It’s no secret that journalists work tirelessly to produce newsworthy content. According to  Wendy Marx, president of Marx Communications, a third of journos internationally produce at least seven pieces of content a week. Quite a lot of work, right? 

Well, that’s exactly why PR pros need to seek ways to preserve good working relationships with them — to see both parties gain their respective desired results. The big question in this regard is: How can a PR pro and a journo ensure a great working relationship? 

Well, PR pros can start by showing some consideration for the media profession and the journalists themselves — as well as understanding what it is they want from them! 

Without wasting another second, here are three ways for PR pros to make journalists happy:

1. PR pros can communicate with journos in a conducive manner 

In both the PR and journalism fields, communication is fundamental. As a PR practitioner, it is ideal to make sure that your messaging efforts with journos are precise. 

Ensure that you simplify your messaging when engaging with a journo. For example, when sharing a press statement via email, make sure that simple things — like subject lines — are clear and give a relevant and brief description of what’s contained in the email. This makes it easier for the journo to decide whether it is relevant for their publication or not.

In some instances, there could be a misunderstanding. When this happens, it’s always best to take a minute to call and cut to the chase, get to the root of your reason for communicating and clarify your brand’s content to the journalist. If you can’t get hold of that particular journo, this is not your opportunity to leave it be. Instead, drop them an email. And while it’s good to be a persistent PR pro, try not to be too much!

PR pros must also show some understanding in the case where journos miss some information or misquote copy. Remember, they’re human too! They are bound to get something wrong at times, and a bit of grace on your part makes a world of difference for them.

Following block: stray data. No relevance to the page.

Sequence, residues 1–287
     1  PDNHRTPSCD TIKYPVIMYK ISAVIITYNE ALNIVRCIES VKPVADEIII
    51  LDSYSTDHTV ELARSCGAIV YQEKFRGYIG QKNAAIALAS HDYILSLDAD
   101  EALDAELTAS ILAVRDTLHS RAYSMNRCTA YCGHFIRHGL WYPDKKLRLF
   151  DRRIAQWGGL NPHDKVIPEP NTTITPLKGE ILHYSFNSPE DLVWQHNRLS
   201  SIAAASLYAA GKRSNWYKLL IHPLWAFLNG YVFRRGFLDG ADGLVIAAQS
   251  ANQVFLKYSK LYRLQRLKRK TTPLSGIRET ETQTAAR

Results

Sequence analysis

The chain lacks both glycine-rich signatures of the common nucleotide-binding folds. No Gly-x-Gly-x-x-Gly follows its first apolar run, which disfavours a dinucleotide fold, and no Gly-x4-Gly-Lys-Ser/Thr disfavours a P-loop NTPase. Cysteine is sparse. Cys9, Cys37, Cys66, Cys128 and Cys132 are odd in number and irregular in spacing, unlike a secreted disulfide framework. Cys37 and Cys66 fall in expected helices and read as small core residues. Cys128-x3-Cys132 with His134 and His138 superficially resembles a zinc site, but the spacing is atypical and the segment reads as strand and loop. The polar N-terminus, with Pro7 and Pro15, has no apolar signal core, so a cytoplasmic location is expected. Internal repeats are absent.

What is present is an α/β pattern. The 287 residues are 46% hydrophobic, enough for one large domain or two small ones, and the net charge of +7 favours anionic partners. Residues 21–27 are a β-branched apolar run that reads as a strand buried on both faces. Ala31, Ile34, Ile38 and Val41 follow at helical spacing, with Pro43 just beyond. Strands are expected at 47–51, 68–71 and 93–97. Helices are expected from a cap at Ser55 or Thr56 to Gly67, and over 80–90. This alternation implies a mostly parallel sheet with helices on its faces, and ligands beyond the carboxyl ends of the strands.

2. PR pros can respect journos time 

“Better three hours too soon than a minute too late.” The journalism profession is one driven by time and deadlines. If the content is sent out a minute too late, things could go south for your press releases and content as it could go unpublished by the media house. 

Thus, for interviews and press briefings (for example), make sure you stick to the scheduled times so that you can enjoy full coverage. And, most importantly, so that you have a sufficient amount of time to brief the media before the event kicks off. 

Essentially, both industries are time-driven, meaning it would be in your best interest, as a PR pro, to honour and respect the time journalists have reserved for you as earned media doesn’t come easy.

If you have a busy schedule, set a reminder on your computer or phone. If you’re not sure what the deadline is, be the first to communicate with the journo to make sure you’re still on the right track for meetings or interviews.

3. PR practitioners can maintain good relations with journos

As a PR pro, you’ll be working with journalists a lot, and so, the best mindset that you could possibly build on is that you need them just as much as they need you. 

But how should you go about interacting with them in this regard? Well, certainly not by bribing them.

All interaction should avoid building a rapport that is based on unethical practice. Rather, show the respect that both you and your journo deserves and keep that communication professional, friendly and ethical. 

Here are a few other things that you can try to maintain good relations with journos: 
  • Meet them for coffee to just have ‘water-cooler’ industry conversation. 
  • Send them a press drop every now and then. 
  • Compliment their work in a genuine and sincere way. 
  • Connect with them on social media platforms, as you’ll be exposed to their social side and, in this regard, you’ll understand them better. 
All in all, relationships with journalists are created over time and, with some journos, it might take longer depending on their personality traits. Some are shy and discreet, while some are extroverts and are open and bubbly. Take it easy and treat each journo differently and appropriately.  

Journalists and independent media peeps are a PR’s gateway to securing earned publicity. Do you agree? Let us know in the comments section below. 

We see that you’ve enjoyed our content right until the end. To get more insightful stories, sign up to our newsletter.

Being introverted in the PR world is not exactly ideal, as the things you want to say are often left unsaid. Don’t worry though, we’ve got Three ways how shy PR pros can find their voice right here.